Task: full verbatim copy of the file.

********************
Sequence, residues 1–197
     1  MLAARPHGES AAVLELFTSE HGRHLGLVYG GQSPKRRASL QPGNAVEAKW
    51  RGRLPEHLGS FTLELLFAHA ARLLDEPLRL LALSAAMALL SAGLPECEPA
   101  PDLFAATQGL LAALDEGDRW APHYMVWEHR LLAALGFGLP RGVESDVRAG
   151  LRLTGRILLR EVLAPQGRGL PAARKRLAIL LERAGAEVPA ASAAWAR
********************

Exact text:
Sequence, residues 1–197
     1  MLAARPHGES AAVLELFTSE HGRHLGLVYG GQSPKRRASL QPGNAVEAKW
    51  RGRLPEHLGS FTLELLFAHA ARLLDEPLRL LALSAAMALL SAGLPECEPA
   101  PDLFAATQGL LAALDEGDRW APHYMVWEHR LLAALGFGLP RGVESDVRAG
   151  LRLTGRILLR EVLAPQGRGL PAARKRLAIL LERAGAEVPA ASAAWAR